Understanding the impact of recent advances in isoprene photooxidation on simulations of regional air quality

Xie, Y.; Paulot, F.; Carter, W. P. L.; Nolte, C. G.; Luecken, D. J.; Hutzell, W. T.; Wennberg, P. O.; Cohen, R. C.; Pinder, R. W.

The CMAQ (Community Multiscale Air Quality) us model in combination with observations for INTEX-NA/ICARTT (Intercontinental Chemical Transport Experiment–North America/International Consortium for Atmospheric Research on Transport and Transformation) 2004 are used to evaluate recent advances in isoprene oxidation chemistry and provide constraints on isoprene nitrate yields, isoprene nitrate lifetimes, and NO x recycling rates. We incorporate recent advances in isoprene oxidation chemistry into the SAPRC-07 chemical mechanism within the US EPA (United States Environmental Protection Agency) CMAQ model. The results show improved model performance for a range of species compared against aircraft observations from the INTEX-NA/ICARTT 2004 field campaign. We further investigate the key processes in isoprene nitrate chemistry and evaluate the impact of uncertainties in the isoprene nitrate yield, NO x (NO x = NO + NO 2) recycling efficiency, dry deposition velocity, and RO 2 + HO 2 reaction rates. We focus our examination on the southeastern United States, which is impacted by both abundant isoprene emissions and high levels of anthropogenic pollutants. We find that NO x concentrations increase by 4–9% as a result of reduced removal by isoprene nitrate chemistry. O 3 increases by 2 ppbv as a result of changes in NO x. OH concentrations increase by 30%, which can be primarily attributed to greater HO x production. We find that the model can capture observed total alkyl and multifunctional nitrates (∑ANs) and their relationship with O 3 by assuming either an isoprene nitrate yield of 6% and daytime lifetime of 6 hours or a yield of 12% and lifetime of 4 h. Uncertainties in the isoprene nitrates can impact ozone production by 10% and OH concentrations by 6%. The uncertainties in NO x recycling efficiency appear to have larger effects than uncertainties in isoprene nitrate yield and dry deposition velocity. Further progress depends on improved understanding of isoprene oxidation pathways, the rate of NO x recycling from isoprene nitrates, and the fate of the secondary, tertiary, and further oxidation products of isoprene.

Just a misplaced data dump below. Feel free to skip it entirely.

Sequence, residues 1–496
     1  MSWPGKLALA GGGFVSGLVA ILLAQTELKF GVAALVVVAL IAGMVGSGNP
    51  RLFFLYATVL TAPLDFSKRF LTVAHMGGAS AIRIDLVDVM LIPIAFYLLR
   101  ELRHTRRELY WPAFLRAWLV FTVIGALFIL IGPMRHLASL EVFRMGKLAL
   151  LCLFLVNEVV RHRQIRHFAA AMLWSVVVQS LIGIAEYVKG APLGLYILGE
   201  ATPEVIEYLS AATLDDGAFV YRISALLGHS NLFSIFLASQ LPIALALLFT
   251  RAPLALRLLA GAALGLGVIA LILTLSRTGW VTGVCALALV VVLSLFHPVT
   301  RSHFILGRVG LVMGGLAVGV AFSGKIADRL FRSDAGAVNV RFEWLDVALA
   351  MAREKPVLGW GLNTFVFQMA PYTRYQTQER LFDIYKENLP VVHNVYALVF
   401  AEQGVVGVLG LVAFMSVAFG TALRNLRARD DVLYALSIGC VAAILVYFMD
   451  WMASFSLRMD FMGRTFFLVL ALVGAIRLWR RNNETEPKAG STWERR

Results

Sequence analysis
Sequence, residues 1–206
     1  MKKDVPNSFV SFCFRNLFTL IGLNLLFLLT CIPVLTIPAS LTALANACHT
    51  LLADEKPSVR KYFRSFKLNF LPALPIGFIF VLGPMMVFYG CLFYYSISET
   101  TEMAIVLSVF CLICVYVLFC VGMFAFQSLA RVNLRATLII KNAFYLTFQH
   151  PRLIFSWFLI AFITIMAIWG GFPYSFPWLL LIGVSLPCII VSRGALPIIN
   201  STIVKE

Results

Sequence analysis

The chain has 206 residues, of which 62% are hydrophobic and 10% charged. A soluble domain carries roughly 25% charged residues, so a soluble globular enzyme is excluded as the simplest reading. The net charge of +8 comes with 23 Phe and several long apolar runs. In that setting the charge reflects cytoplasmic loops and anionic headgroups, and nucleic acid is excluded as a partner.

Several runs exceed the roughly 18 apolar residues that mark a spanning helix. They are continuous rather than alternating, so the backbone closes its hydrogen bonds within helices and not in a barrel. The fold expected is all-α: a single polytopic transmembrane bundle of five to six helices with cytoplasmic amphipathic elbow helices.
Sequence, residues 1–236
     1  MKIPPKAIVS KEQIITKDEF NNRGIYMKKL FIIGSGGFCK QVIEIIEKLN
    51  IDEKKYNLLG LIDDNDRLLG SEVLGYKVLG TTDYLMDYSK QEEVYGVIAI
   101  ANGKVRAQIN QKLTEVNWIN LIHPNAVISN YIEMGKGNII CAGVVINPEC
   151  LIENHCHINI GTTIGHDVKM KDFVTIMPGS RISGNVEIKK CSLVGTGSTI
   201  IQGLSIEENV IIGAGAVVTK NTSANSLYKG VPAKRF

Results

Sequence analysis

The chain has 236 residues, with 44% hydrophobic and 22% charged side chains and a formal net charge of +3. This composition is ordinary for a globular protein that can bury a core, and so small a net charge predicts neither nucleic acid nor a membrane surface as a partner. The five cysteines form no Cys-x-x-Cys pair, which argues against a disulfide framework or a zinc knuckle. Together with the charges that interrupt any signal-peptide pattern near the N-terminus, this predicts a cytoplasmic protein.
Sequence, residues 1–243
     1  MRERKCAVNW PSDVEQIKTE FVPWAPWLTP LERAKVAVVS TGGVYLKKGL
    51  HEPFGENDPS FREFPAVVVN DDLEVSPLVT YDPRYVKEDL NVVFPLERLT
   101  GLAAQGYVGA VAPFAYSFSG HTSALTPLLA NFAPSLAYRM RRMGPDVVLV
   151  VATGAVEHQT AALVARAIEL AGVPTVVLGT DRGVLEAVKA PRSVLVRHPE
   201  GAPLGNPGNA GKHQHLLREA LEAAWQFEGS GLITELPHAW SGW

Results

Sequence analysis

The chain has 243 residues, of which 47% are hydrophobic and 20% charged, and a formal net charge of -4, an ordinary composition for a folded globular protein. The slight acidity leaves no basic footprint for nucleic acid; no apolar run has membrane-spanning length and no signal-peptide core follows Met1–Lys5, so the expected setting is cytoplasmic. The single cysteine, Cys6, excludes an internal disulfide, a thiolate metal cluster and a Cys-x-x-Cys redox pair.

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Xie, Y. / Paulot, F. / Carter, W. P. L. / et al: Understanding the impact of recent advances in isoprene photooxidation on simulations of regional air quality. 2013. Copernicus Publications.

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